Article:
Consumer Watchdog Chides LA Mayor And City Attorney For LADWP Settlement That Delays Ratepayer Refunds into 2017 And Beyond While Paying Millions To Lawyers Quickly

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Santa Monica, CA — The latest proposed settlement of a $44 million LADWP overbilling scandal offers some improvements over the last two, but still unfairly disadvantages ratepayers, Consumer Watchdog said today in a letter to LA Mayor Eric Garcetti and LA City Attorney Mike Feuer.

“Ratepayers who have received large bills and entered into installment plans are expecting credits or refunds to their accounts,” the letter from Consumer Watchdog President Jamie Court said. “Many have been threatened with disconnection if they didn’t pay, and that practice goes on today at DWP for those who have not entered payment plans. Nonetheless, under the proposed settlement DWP does not have to refund or credit overcharged ratepayers until March of 2017 at the earliest, and not until 2018 or 2019 if there are appeals and objections.”

Read the letter at:

Read the source documents:

“By contrast, the attorneys from Cleveland settling this case will receive $13 million in June of 2016 under a special ‘quick pay’ provision in the settlement, before the agreement becomes effective, regardless of whether there are appeals or objections that delay overcharged ratepayers guaranteed payments until 2018 or later.

“In no circumstance should attorneys be paid millions before overcharged ratepayers get their money back. It’s outrageous that the agreement would allow for the payment of $13 million in attorneys fees 10 months before overcharged ratepayers are guaranteed to receive their own money back under the best-case scenario. This shows the priorities in the settlement are to give maximum control to DWP, to take care of the Cleveland attorneys who were willing to settle on the cheap after working only 87 days on case, and leave ratepayers with no guarantees of refunds for years.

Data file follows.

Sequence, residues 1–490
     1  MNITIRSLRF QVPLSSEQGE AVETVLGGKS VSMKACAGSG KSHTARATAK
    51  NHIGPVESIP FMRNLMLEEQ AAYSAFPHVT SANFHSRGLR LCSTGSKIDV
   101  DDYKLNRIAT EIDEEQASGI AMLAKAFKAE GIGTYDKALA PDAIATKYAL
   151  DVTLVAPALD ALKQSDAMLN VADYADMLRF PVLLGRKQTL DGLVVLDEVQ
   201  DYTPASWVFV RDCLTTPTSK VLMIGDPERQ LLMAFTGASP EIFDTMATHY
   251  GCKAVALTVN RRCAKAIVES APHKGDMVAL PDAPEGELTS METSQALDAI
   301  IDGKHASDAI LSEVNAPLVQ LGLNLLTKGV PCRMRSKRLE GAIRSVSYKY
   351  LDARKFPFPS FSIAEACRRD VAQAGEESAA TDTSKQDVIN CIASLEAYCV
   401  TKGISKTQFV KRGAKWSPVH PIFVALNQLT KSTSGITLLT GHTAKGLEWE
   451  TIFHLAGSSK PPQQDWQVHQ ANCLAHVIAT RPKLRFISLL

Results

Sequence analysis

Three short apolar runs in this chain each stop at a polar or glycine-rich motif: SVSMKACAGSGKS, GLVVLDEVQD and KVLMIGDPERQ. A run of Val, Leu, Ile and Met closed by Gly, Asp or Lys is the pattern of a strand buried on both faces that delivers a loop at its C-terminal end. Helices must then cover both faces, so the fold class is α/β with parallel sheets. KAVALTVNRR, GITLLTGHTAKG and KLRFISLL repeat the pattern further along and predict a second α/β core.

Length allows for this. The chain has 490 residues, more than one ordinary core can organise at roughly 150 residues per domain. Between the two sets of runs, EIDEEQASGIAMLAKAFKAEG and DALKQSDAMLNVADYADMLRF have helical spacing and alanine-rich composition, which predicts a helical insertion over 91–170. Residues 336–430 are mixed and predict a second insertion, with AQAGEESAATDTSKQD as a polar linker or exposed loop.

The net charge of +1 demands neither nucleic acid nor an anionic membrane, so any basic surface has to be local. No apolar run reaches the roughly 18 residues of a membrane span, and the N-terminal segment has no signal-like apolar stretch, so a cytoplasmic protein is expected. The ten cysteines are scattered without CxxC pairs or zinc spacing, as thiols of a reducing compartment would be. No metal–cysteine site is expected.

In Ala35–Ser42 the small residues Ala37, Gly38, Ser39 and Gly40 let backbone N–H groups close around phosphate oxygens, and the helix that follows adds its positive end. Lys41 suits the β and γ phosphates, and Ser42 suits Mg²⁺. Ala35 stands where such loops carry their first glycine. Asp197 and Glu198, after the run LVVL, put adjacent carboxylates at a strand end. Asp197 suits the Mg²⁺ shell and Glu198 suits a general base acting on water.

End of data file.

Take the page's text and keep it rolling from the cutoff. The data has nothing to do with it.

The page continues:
“DWP continues to threaten ratepayers who have received large back bills with disconnection. The Department demands large deposits (30 to 40%) before entering into payment plans, even for low-income customers on lifeline plans. Now DWP has given itself until 2017 before it needs to repay those it’s overcharged, even though it knows who they are and how much they must pay now. And, as the settlement agreement reiterates again, customers are only given 100% of the refund that DWP claims it thinks it should pay back.

“This settlement doesn’t forgive back bills for those charged years too late for services, even though customers don’t have thousands of dollars extra to pay. It doesn’t address the large deposits required of customers on payment plans. It doesn’t deal with the way DWP uses the threat of disconnection to force customers into payment for mistakes DWP has made. For those the settlement promises to repay 100% of the money DWP acknowledges it stole from them, it lets DWP wait until March 2017, at the earliest, to give customers their money back.

“The fact that this settlement could be this weak and corrupted, and that you’ve turned a blind eye, shows the continued arrogance at DWP and your offices’ continued deference to a renegade Department.

“How could such a settlement seem fair to you or any other real representative of the public?” Court wrote. “I urge you to look closely and fix the errors or the wrath of ratepayers will rightly fall on your offices.”

For more on the LADWP settlement process, see:“ratepayer-advocate”-and-explain-fairness-n

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Jamie Court
Jamie Court
Consumer Watchdog's President and Chairman of the Board is an award-winning and nationally recognized consumer advocate. The author of three books, he has led dozens of campaigns to reform insurance companies, financial institutions, energy companies, political accountability and health care companies.

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